Indexing DOCX files with Lucene in PHP. Maarten Balliauw has another great post on working with Open XML from PHP. This time he takes a look at how to use the Zend framework's PHP port of the Lucene indexing and search API. As always, Maarten provides very detailed explanations and full source code.
Open XML video gallery on YouTube. A new page on YouTube will start aggregating video content for Open XML, including hands-on demos of various implementations, interviews, and other information. My colleague Jean-Christophe Cimetiere has already posted videos of iPhone and Mac OS X support, and there are more coming soon.
Redmond Developer News article. Michael Desmond has an article this week in which he discusses the dev management perspective on the move to XML-based formats with Peter O'Kelly of the Burton Group.
Upcoming developer conferences. Office Devcon 2008 is coming to San Jose next week, and Wouter Van Vugt has some information about the sessions he and Ted Pattison will be doing there. Later this spring, TechEd 2008 will return to Orlando in June, and Gray Knowlton has some thoughts on what to expect.
OSS fans come in many flavors. Rick Jelliffe's blog has a link to a fun Datamation article by Bruce Byfield entitled A Field Guide to Free Software Supporters.
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You seem to have missed the top ten of worst responses on the OOXML disposition from the ODF alliance:
Yes, I hadn't seen that.
Reacting to anonymous FUD based on out-of-context snippets from the dispositions isn't something I have a lot of time for these days, but I'll share a few of my own opinions below, and if somebody is willing to publicly acknowledge their authorship of that document I'd be glad to discuss with them in more detail ...
#10 - this gets to the question of whether the semantic meaning of XML elements should be determined by the element name alone, or by the element name plus context. Apparently the anonymous author of that document disagrees with the disposition on that one, but it's a debate that was going on before DIS 29500, and will continue long after it. Everyone's entitled to an opinion.
#9 - this is clearly an error, so I assume the project editor will get a correction out. (So 2 out of 3522 didn't get a response, dropping the total to a little more than 99.9%.)
#8 - another one where there is debate about a schema design issue. The author has one opinion, others have another opinion.
#7 - this is a misrepresentation of what's going on there, regarding legacy hashing algorithms. Nothing new has been introduced -- there are existing documents that use those algorithms, and the disposition notes that and also recommends different algorithms going forward. So what?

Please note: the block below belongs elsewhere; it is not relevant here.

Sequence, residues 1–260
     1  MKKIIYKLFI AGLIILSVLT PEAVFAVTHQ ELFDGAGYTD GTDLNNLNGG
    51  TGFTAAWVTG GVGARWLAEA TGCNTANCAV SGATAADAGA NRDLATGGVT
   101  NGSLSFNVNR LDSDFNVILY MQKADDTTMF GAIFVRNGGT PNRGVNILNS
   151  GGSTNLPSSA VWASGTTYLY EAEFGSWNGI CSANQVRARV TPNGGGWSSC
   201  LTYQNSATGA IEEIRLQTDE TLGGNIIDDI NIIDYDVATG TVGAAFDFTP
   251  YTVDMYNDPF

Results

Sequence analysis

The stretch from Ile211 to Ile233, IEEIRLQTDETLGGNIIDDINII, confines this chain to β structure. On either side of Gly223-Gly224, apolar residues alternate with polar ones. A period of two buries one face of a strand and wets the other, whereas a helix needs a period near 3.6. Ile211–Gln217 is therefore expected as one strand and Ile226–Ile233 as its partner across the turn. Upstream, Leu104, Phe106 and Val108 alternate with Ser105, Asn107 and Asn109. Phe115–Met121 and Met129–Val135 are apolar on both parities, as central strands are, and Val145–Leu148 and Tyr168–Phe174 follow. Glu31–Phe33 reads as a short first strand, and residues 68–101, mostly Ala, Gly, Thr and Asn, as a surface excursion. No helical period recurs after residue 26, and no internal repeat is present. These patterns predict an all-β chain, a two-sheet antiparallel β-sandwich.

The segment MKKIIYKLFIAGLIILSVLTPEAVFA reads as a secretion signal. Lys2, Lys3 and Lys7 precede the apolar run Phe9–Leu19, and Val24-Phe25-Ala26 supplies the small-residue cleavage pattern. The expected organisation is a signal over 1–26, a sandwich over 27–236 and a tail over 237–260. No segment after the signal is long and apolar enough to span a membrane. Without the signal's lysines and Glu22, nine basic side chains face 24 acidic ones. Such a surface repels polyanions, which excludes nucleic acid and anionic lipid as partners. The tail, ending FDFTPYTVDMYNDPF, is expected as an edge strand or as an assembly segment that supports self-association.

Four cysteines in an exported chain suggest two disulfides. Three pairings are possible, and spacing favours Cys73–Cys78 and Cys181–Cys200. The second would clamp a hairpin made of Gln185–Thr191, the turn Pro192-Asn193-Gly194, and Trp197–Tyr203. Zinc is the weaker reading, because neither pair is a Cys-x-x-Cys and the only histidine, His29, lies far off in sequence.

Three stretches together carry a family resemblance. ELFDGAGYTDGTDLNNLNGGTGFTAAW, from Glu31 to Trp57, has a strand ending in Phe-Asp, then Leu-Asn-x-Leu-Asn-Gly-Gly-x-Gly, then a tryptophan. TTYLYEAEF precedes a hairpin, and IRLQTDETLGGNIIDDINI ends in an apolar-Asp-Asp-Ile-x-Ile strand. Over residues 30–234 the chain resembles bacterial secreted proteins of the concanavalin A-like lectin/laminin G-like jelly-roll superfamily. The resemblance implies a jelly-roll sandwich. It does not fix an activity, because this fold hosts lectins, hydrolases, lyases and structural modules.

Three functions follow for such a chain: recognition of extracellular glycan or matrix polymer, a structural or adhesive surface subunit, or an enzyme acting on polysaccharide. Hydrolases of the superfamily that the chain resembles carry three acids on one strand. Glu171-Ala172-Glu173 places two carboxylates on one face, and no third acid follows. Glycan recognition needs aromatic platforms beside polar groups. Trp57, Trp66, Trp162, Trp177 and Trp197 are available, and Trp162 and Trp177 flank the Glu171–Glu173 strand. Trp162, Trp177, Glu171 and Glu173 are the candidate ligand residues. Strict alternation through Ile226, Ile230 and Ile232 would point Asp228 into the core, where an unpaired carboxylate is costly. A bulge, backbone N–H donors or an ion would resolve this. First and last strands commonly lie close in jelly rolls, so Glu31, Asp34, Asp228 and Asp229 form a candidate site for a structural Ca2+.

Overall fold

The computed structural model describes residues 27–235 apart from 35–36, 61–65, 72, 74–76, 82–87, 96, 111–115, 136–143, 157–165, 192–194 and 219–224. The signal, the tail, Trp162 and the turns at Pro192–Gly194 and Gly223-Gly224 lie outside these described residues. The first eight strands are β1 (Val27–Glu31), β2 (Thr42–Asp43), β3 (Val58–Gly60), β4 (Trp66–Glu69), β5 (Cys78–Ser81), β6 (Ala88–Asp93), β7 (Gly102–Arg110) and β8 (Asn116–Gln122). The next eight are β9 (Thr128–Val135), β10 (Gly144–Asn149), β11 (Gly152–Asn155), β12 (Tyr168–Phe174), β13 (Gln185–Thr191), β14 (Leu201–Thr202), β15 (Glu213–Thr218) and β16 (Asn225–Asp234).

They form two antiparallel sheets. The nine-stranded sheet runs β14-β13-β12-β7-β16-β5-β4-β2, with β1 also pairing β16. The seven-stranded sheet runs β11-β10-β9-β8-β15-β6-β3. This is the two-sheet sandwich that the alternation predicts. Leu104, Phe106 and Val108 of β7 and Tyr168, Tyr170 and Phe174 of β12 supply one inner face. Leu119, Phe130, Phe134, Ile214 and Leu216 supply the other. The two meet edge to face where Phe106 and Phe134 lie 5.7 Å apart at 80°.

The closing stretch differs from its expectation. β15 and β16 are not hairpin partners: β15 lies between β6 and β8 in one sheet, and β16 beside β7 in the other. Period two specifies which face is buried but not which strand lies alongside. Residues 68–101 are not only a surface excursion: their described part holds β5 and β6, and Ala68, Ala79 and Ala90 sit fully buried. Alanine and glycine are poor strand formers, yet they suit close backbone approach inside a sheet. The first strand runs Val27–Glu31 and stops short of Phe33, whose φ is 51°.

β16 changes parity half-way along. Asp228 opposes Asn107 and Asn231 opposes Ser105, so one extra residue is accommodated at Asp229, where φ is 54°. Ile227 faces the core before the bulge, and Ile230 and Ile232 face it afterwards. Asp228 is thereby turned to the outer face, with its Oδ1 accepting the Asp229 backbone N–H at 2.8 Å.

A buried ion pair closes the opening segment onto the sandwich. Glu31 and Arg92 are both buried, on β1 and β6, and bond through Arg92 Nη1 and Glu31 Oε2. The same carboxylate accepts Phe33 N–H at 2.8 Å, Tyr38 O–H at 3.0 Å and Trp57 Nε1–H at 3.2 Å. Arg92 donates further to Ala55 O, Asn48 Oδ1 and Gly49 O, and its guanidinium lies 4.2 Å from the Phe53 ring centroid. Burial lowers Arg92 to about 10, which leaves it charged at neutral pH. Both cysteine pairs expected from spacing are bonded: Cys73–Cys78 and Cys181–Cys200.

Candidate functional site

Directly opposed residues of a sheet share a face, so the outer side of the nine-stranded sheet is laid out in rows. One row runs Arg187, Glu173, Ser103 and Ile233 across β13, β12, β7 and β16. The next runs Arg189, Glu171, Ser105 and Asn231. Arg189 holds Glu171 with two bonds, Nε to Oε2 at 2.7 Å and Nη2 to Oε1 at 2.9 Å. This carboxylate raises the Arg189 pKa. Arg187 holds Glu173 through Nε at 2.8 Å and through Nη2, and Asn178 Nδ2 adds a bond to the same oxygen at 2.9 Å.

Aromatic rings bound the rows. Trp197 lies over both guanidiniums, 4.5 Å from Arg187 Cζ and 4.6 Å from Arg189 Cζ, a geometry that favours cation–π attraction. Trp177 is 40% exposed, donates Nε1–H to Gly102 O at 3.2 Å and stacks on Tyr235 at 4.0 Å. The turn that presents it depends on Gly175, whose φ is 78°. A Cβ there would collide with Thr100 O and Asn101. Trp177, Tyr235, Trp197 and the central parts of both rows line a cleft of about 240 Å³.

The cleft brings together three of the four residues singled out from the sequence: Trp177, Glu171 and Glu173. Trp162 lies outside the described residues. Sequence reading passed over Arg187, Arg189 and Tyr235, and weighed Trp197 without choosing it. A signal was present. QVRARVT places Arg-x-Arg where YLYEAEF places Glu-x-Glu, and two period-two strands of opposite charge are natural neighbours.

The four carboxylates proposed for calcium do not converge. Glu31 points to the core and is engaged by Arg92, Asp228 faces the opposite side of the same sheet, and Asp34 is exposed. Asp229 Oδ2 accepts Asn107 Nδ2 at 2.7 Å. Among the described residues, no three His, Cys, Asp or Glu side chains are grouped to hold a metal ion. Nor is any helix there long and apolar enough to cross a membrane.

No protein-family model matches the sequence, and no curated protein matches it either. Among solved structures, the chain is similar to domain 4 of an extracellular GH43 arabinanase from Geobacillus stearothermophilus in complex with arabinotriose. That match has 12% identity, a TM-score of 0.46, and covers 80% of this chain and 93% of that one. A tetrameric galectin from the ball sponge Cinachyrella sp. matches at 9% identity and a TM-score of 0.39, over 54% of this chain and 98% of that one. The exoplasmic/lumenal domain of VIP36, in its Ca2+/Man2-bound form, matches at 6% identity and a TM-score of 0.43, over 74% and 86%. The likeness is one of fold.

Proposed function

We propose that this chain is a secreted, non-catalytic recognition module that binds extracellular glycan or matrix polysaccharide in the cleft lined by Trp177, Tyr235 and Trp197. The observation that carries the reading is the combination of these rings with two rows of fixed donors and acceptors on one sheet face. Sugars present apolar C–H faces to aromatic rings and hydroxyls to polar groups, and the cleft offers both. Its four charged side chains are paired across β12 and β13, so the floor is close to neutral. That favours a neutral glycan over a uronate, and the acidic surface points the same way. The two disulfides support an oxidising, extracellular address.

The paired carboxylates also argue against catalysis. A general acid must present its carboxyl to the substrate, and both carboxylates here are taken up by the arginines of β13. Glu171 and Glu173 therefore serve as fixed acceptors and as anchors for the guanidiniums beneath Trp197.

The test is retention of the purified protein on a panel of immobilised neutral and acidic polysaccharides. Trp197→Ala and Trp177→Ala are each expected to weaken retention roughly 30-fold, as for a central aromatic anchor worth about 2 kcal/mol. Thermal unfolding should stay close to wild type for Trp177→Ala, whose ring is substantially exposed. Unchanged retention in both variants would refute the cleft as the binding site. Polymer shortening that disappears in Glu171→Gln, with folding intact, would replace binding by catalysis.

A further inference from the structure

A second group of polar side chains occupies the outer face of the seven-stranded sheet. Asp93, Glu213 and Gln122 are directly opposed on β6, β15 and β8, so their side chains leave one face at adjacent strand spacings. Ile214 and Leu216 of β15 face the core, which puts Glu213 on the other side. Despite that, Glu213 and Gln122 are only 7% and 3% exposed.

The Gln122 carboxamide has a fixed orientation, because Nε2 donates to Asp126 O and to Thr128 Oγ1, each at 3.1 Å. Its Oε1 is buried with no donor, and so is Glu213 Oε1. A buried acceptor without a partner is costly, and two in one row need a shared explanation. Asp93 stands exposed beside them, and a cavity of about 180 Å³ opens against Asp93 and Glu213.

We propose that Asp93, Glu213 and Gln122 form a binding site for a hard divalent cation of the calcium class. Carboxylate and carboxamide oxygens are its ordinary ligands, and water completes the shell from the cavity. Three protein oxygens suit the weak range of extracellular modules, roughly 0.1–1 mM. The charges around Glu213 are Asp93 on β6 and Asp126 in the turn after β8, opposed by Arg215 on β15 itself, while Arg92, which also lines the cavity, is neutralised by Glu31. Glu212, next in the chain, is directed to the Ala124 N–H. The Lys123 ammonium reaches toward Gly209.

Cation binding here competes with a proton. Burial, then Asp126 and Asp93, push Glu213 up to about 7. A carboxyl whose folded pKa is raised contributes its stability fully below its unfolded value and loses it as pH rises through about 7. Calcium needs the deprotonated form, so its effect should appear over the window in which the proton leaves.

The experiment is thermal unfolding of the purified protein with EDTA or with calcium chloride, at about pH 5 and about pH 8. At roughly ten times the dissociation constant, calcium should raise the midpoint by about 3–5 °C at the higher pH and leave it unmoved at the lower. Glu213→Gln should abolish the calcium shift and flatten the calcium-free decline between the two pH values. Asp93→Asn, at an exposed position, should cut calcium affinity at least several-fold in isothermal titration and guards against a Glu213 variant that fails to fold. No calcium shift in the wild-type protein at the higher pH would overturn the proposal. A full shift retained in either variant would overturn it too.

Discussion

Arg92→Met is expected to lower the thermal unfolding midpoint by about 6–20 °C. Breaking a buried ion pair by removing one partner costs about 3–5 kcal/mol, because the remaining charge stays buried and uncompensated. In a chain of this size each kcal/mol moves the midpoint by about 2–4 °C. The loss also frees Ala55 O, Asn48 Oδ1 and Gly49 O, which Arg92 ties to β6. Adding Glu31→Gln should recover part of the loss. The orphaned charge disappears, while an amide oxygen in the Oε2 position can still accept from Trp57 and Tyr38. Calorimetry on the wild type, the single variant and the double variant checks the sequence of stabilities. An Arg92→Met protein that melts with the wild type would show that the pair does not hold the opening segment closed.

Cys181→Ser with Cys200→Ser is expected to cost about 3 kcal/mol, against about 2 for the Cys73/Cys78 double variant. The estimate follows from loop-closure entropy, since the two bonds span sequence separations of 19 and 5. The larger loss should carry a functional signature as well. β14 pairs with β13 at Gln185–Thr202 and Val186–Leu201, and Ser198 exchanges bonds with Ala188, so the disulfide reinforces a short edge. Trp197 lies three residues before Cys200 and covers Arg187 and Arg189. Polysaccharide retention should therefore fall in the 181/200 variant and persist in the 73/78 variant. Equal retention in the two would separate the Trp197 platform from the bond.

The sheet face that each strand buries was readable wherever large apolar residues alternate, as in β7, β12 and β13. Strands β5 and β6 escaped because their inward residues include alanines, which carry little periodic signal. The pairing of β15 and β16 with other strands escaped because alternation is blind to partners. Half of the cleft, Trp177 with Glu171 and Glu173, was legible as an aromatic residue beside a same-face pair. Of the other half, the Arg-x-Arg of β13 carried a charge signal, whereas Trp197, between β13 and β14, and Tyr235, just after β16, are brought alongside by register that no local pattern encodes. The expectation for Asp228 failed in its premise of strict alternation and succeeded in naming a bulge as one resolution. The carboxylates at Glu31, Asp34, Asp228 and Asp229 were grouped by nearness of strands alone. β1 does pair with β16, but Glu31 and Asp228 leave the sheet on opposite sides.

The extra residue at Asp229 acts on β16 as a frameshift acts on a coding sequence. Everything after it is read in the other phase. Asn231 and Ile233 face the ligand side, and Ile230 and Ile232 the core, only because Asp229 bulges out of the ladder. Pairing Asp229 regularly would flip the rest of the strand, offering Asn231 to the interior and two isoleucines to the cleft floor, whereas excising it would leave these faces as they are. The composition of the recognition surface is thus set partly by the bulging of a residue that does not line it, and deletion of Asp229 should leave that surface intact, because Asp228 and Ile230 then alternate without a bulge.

#6 - an emotional little rant. To be honest, I don't follow what they're suggesting, if anything. They hate VML; got it.
#5 - apparently they think objects shouldn't be embedded in documents, period. The fact that such functionality has proven extremely popular speaks for itself.
#4 - this is the same old saw about how the content of existing documents doesn't matter. The owners of those documents disagree, and would rather not have arbitrary changes render their documents invalid.
#3 - that disposition seems to provide exactly what was asked for: ISO 8601 compatibility and support for dates before 1900. ODF Alliance wishes the disposition went further and rendered all existing documents invalid; their fight is with the owners of those documents, apparently, many of who have asked that such changes not be made.
#2 - more misrepresentation. The first referenced disposition simply agrees that the project editor should assure that the examples match the schemas, with expressing any "conclusion on a question over precedence between the text and the schemas." the second referenced disposition states "Those fragments are intended to be the same as the corresponding information in the zip file. However, if they are not, the ZIP file versions should be considered the definitive versions."
#1 - naive perspective there, in my opinion: Open XML documents do exist, in large and growing numbers. If there are truly no Open XML documents, then why are so many vendors supporting Open XML in their products already? And why is the Office Compatibility Pack such as popular download? I have a couple thousand Open XML documents on my hard drive at the moment, and there are millions like me. The existing documents matter, and that's at the heart of almost everything on this list.
Oh, regarding the "Bonus Worst" ... those are two cases where the project editor said, in essence, "here's how we propose making these changes" and it's interesting to note that the ODF Alliance has no complaints about the proposed changes at all. Rather, they seem to be doubting the changes will take place. That question will be answered definitely in the final revised spec, so I don't see any reason to speculate at this point.
That's all just my opinion, of course. Overall, that's a pretty weak document. It's easy to understand why the author wishes to remain anonymous.